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Plato’s Notion of Common Good

My point of view on Plato’s notion of the common good.

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An individual’s happiness is never the core of Plato’s the Republic. It is clearly disputed the way that Socrates argued with Thrasymachus as the latter suggests that injustice is more profitable than justice and that justice is the advantage of the stronger. What Thrasymachus meant was that in any society, the stringer rule and take control of their subjects – they use their power to manipulate things that are in favor for them.

Plato shows in the Republic that justice is in every one’s best interest. A city governed by uncorrupted and virtuous individuals trained in proper education will fulfill the aims of the state. It is also Plato’s conviction that education plays much role on how the Republic could be achieved, for it aims to balance if not to control over the desires. Censorship of things that will lead people to being selfish and corrupt is implied.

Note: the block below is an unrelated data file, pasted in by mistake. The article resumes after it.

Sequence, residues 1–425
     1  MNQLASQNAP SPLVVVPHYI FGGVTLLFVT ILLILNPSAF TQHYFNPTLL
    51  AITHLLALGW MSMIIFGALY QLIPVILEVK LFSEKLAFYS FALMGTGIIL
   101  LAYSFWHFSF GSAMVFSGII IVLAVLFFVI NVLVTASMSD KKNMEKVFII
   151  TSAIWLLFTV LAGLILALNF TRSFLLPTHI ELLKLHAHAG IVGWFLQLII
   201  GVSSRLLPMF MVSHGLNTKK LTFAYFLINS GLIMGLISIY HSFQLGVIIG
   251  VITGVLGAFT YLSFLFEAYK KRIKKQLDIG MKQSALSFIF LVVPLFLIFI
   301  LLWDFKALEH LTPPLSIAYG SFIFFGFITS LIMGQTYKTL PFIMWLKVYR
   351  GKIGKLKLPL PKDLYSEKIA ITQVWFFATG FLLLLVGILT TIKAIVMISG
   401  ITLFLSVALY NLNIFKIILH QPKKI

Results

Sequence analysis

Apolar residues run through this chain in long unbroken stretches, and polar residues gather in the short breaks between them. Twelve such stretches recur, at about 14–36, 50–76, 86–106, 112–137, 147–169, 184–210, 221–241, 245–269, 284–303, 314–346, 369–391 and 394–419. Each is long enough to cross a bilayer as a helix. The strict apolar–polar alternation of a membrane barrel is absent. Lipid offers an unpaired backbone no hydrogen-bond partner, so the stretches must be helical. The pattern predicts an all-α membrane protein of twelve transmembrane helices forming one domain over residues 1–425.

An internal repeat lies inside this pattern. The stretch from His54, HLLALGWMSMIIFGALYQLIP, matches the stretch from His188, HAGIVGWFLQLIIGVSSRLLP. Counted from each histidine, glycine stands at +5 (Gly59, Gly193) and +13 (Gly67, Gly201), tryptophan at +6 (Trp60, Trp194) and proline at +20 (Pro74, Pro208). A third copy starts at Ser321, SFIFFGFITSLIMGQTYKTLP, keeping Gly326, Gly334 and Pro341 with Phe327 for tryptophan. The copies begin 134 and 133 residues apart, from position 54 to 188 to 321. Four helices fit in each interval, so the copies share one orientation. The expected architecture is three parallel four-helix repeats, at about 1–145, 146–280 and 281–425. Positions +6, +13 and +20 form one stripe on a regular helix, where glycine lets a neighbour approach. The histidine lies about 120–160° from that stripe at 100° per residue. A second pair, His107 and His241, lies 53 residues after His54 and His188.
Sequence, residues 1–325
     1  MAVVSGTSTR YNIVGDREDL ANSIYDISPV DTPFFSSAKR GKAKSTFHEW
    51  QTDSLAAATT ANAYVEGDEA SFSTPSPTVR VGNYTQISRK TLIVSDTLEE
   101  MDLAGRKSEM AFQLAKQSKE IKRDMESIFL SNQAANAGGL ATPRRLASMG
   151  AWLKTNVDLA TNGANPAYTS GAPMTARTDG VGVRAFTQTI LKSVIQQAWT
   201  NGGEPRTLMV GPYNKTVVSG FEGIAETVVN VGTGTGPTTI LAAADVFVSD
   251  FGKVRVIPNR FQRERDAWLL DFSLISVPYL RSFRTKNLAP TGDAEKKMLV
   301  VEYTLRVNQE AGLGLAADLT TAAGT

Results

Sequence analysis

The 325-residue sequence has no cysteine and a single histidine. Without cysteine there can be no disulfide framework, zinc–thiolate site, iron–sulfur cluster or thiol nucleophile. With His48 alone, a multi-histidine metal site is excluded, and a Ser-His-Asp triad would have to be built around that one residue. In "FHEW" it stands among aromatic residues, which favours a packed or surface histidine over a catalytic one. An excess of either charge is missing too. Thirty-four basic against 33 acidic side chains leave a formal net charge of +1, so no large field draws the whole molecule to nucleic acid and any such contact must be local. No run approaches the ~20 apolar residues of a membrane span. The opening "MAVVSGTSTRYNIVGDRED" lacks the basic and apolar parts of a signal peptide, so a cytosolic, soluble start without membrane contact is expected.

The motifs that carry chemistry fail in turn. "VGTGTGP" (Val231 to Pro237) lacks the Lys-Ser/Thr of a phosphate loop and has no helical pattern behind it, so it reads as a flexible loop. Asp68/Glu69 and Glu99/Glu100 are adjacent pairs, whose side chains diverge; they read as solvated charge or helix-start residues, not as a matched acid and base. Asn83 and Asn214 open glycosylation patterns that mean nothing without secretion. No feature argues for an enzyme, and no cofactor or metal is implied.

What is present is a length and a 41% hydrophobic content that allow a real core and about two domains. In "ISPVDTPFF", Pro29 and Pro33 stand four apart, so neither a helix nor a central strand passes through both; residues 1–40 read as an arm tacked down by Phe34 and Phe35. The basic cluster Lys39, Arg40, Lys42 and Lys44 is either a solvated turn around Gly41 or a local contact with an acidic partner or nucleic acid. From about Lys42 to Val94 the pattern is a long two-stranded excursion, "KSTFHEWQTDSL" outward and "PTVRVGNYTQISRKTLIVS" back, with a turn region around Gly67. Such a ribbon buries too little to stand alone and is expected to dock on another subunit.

The soul, governed by desires will determine the type of citizen a person is, thus how s/he will contribute to the society. Having different desires though will lead to different conceptions of good, but Plato believes in the concept of a “common good” – which can be determined by philosophers, according to Plato, because of their rational desires.

Plato delves that virtue will lead the leaders to consider what is good for their subject. And, as good and virtuous citizens’ one must perform his/her task for the city. Performing one’s task will not only do well for the city but also make one happy.

As Adeimantus questions the happiness of the guardians, Plato’s stand on happiness in the state is clearly asserted. The interlocutors noticed that, in as much as that everyone in the state is supposed to be happy, the guardians do not seem to be made happy. Socrates answers that the goal of the state is not to make one particular group (or person) happy, but to make everyone as happy as his nature allows.

Plato may appear to support to be totalitarian and sort of dictatorship, which people may react to violently. On the other hand, we cannot deny that Plato is right – that personal interests and injustice leads the state to corruption and that happiness can only be achieved through justice and temperance.

Applying to the current situation of our university I think, Plato is right that we should allow the state to take charge of us, but in a country like the Philippines, a country known for its corrupt and selfish officials, shouldn’t we let our voices be heard? Even Plato believes that education is a top priority.

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